Aussie Police Refuse to Execute Dive-Bombing Bird

dive-bombing magpie photo
Photo: Mountain/\Ash / cc

If you've never crossed paths with a magpie, Australia's iconic black and white bird, then consider yourself fortunate. They may look harmless enough, cute even, but every year the species rain terror from above by dive-bombing anyone who dare venture too close to their nesting grounds. Recently, a father reported that his teenage daughter had been swooped upon by one of the bad-tempered birds, prompting officials to order its execution. But thanks to the public outcry in the animal's defense, and a strike of conscience on the part of police, the meanly-maternal magpie will fly another day.If it seems like an overreaction by wildlife authorities in New South Wales, Australia, to have the bird blown-away for defending its nesting grounds, it might be important to note that magpies are no nightingales. According to The Courier-Mail, magpies aren't merely out to buzz by anyone they consider a threat, they aim to do some real damage; each nesting season at least one person loses an eye to the birds pointed beaks, experts say. Last year, a 12-year-old boy was killed when magpies chased him into oncoming traffic.

To get a sense of how aggressive they can be, this video from The Courier-Mail offers a peek at magpie attacks:

So when George Croft's teenage daughter got a peck in the head from a magpie on her way home from school, it became a cause for concern among the National Parks and Wildlife Service (NPWS), who sent police out to investigate with orders to shoot the bird -- but the officers refused to kill the animal which was acting purely on its highly-defensive instincts. And when the public caught wind of the execution order, the NPWS was forced to consider a more humane approach, by either relocating the bird or putting up signs warning the public that they may be entering its territory.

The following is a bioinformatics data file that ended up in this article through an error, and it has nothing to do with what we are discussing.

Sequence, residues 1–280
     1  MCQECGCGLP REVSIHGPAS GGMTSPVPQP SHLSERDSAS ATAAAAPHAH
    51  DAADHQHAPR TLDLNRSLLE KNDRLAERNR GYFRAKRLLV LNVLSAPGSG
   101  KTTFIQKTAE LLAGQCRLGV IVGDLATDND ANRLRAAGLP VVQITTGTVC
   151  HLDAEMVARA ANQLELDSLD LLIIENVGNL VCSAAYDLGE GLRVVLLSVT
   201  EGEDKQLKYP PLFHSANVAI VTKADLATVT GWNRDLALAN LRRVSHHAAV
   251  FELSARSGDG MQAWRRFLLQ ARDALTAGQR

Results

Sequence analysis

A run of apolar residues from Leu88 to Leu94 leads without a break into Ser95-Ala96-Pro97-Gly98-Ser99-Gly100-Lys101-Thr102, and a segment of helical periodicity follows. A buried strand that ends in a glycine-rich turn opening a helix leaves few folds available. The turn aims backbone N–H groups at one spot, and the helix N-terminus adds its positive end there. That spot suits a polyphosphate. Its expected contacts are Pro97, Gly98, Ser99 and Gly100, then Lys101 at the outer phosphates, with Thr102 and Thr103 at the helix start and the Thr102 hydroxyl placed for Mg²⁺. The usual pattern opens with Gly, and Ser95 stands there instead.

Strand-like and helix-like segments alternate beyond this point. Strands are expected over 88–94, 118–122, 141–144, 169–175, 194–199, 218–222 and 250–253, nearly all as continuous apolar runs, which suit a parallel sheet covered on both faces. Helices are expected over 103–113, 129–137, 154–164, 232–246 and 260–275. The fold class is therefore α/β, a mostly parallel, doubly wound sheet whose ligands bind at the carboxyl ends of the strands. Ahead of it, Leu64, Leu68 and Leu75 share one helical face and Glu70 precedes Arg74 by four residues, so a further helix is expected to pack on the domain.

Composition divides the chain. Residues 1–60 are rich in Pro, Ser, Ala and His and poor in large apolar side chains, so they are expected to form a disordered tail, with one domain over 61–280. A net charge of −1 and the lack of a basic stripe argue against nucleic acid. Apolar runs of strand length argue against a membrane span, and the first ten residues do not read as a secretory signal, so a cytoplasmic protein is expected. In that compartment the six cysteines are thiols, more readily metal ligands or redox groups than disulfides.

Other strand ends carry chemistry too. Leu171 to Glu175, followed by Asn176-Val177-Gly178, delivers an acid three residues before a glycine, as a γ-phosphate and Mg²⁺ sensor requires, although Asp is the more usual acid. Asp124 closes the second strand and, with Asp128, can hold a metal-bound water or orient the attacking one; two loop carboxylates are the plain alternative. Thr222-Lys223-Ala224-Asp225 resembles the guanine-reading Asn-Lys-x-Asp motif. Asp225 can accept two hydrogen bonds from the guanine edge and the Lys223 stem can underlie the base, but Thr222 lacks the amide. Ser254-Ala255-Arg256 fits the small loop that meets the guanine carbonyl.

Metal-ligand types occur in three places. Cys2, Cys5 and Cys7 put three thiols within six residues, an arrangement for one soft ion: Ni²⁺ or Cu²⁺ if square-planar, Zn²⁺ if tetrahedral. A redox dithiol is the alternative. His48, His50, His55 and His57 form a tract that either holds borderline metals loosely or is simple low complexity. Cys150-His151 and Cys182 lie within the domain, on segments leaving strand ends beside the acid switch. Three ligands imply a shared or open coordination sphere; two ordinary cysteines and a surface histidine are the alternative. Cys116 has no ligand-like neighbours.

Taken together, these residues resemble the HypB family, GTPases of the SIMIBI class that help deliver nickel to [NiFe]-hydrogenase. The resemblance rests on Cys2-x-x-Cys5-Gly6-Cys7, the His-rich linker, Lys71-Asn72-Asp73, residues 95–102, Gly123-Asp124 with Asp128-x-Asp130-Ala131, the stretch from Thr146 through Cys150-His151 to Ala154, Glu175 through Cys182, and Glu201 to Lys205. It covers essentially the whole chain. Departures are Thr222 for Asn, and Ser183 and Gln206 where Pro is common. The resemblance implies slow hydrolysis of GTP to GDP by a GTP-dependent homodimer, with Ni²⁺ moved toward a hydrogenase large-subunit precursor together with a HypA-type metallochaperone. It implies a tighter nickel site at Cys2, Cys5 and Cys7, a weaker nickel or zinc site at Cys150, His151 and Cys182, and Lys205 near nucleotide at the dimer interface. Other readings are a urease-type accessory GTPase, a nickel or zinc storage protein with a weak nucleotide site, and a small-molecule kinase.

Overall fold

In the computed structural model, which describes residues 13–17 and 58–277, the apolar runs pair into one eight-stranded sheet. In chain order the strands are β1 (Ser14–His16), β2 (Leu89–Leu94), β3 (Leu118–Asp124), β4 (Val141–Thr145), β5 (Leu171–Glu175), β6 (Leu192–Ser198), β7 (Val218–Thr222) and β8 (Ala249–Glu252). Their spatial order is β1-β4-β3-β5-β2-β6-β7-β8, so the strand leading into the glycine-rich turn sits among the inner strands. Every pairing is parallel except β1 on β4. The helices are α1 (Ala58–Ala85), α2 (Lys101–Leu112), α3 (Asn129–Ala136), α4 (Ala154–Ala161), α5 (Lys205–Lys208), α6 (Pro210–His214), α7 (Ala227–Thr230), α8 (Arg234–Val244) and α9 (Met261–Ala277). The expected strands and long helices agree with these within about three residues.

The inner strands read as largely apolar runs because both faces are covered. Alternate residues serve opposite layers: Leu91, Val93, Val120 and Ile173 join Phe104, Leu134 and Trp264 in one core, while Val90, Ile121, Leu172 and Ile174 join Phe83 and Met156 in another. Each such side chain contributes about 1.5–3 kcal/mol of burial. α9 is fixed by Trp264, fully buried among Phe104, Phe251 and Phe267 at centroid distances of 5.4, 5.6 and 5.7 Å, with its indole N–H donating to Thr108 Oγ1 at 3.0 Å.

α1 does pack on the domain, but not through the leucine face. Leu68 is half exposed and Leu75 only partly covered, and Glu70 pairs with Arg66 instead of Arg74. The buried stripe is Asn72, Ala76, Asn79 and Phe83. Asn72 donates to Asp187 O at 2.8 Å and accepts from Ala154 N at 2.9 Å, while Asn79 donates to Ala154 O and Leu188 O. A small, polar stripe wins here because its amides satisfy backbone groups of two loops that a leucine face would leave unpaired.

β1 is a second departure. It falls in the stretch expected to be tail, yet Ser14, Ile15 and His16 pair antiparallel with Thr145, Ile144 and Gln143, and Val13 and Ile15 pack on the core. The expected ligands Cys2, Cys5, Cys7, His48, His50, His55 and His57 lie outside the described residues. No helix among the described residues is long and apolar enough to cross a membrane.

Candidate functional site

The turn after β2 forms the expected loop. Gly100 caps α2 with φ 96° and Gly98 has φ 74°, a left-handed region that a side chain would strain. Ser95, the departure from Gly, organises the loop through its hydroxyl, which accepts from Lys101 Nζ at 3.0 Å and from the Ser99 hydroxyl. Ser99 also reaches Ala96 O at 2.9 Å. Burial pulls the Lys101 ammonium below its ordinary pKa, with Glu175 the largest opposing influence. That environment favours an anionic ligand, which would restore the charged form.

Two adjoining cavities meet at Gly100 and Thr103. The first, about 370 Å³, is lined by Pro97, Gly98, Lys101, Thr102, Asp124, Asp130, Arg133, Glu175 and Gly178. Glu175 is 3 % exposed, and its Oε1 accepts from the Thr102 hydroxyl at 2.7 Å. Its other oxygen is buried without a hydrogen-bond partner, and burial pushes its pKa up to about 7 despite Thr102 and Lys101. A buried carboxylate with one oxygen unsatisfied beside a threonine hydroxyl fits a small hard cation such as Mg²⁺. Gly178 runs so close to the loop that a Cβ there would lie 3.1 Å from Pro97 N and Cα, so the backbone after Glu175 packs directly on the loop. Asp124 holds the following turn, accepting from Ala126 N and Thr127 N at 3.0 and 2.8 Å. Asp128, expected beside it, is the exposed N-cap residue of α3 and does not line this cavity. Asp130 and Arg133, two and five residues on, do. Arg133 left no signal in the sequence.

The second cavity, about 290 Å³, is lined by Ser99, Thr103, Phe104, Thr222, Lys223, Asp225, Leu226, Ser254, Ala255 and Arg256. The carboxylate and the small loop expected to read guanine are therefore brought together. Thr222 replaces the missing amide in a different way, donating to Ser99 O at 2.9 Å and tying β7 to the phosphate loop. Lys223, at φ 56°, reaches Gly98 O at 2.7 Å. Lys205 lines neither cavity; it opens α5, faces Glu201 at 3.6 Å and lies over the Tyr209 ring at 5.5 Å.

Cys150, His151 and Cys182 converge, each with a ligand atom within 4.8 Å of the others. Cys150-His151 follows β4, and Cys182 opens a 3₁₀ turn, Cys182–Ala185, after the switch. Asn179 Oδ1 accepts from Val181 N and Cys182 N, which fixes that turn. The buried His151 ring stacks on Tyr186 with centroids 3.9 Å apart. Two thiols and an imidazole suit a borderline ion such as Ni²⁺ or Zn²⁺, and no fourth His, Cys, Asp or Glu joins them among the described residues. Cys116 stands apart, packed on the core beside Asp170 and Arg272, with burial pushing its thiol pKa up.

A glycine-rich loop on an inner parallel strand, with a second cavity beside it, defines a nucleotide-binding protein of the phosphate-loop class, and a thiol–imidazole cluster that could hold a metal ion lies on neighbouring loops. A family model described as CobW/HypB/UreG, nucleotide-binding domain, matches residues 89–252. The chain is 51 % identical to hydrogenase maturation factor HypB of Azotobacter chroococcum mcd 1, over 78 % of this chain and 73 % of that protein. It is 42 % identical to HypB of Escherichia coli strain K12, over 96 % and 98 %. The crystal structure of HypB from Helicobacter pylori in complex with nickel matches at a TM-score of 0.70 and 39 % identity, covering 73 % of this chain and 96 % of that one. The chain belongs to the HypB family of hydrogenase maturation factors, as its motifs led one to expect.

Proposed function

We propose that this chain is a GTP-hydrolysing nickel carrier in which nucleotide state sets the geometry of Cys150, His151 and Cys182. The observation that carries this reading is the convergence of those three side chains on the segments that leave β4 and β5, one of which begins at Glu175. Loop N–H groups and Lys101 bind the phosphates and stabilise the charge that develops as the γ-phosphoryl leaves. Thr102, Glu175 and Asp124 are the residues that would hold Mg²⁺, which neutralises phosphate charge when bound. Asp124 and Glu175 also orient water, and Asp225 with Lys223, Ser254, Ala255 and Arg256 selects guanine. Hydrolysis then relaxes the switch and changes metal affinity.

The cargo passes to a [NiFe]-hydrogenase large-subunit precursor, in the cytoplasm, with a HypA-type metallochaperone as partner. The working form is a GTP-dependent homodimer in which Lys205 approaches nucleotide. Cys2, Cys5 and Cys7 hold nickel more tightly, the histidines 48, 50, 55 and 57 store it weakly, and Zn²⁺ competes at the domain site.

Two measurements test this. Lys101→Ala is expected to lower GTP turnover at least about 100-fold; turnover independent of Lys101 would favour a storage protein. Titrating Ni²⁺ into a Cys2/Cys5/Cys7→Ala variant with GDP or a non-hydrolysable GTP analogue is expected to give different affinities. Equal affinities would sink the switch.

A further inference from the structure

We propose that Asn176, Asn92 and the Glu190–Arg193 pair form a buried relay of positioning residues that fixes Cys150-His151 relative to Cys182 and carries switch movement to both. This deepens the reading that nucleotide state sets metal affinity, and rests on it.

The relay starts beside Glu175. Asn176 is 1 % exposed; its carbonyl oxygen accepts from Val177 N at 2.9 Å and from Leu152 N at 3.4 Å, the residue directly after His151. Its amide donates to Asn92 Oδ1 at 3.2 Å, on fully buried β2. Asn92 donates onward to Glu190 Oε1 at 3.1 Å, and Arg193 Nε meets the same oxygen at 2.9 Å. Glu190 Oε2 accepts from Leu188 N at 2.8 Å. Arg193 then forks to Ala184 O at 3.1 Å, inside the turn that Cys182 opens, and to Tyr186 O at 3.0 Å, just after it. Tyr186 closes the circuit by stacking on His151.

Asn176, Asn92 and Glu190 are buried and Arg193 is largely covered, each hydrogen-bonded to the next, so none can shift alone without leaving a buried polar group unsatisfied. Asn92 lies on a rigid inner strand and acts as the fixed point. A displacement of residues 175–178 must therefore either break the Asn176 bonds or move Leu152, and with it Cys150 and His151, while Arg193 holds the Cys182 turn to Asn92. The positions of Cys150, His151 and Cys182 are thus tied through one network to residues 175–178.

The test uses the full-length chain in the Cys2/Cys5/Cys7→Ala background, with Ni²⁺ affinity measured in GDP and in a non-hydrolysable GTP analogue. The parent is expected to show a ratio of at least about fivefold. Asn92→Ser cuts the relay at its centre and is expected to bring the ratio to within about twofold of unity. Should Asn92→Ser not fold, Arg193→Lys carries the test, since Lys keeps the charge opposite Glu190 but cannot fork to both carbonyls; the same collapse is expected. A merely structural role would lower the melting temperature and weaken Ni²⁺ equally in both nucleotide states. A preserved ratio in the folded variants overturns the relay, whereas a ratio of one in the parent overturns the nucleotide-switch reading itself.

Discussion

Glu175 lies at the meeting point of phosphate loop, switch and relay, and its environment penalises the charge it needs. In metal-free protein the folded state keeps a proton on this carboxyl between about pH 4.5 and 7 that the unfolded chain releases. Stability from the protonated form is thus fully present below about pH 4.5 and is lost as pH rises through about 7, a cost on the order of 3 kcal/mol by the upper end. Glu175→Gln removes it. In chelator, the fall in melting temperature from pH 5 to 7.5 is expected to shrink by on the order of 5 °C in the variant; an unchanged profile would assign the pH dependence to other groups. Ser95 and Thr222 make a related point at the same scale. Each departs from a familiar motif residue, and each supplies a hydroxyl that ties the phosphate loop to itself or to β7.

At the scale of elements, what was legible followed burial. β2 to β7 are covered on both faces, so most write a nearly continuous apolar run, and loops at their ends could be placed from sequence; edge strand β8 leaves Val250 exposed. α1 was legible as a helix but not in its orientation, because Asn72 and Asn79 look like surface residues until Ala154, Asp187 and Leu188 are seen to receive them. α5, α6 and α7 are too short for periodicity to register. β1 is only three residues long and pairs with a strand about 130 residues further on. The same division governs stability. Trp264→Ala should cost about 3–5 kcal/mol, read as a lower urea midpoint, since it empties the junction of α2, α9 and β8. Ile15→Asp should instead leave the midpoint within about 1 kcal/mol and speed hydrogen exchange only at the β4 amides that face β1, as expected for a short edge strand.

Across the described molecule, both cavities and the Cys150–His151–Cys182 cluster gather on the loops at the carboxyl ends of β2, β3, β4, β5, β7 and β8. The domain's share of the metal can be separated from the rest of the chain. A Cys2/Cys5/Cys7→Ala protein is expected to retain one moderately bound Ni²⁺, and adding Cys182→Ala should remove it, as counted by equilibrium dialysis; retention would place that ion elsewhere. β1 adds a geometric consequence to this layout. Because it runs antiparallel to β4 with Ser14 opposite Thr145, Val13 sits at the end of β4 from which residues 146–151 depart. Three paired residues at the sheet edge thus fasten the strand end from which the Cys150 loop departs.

[NPWS spokesperson Lawrence Orel] said the blaze of publicity about the case meant people were now more likely to avoid the rogue magpie's nesting area or take precautions to prevent being hurt.

"It's a win-win situation for the magpie and the community,'' he said.

"No-one wants to see an iconic Australian bird destroyed. If anything, this case shows that the community really values its birds.''

Historically, residents in areas guarded by magpies had little misgivings about administering lethal justice to any problem birds, but in recent years that has changed. Even others who had close run-ins with this particular bird say they'd hate to see it being killed for standing its ground.

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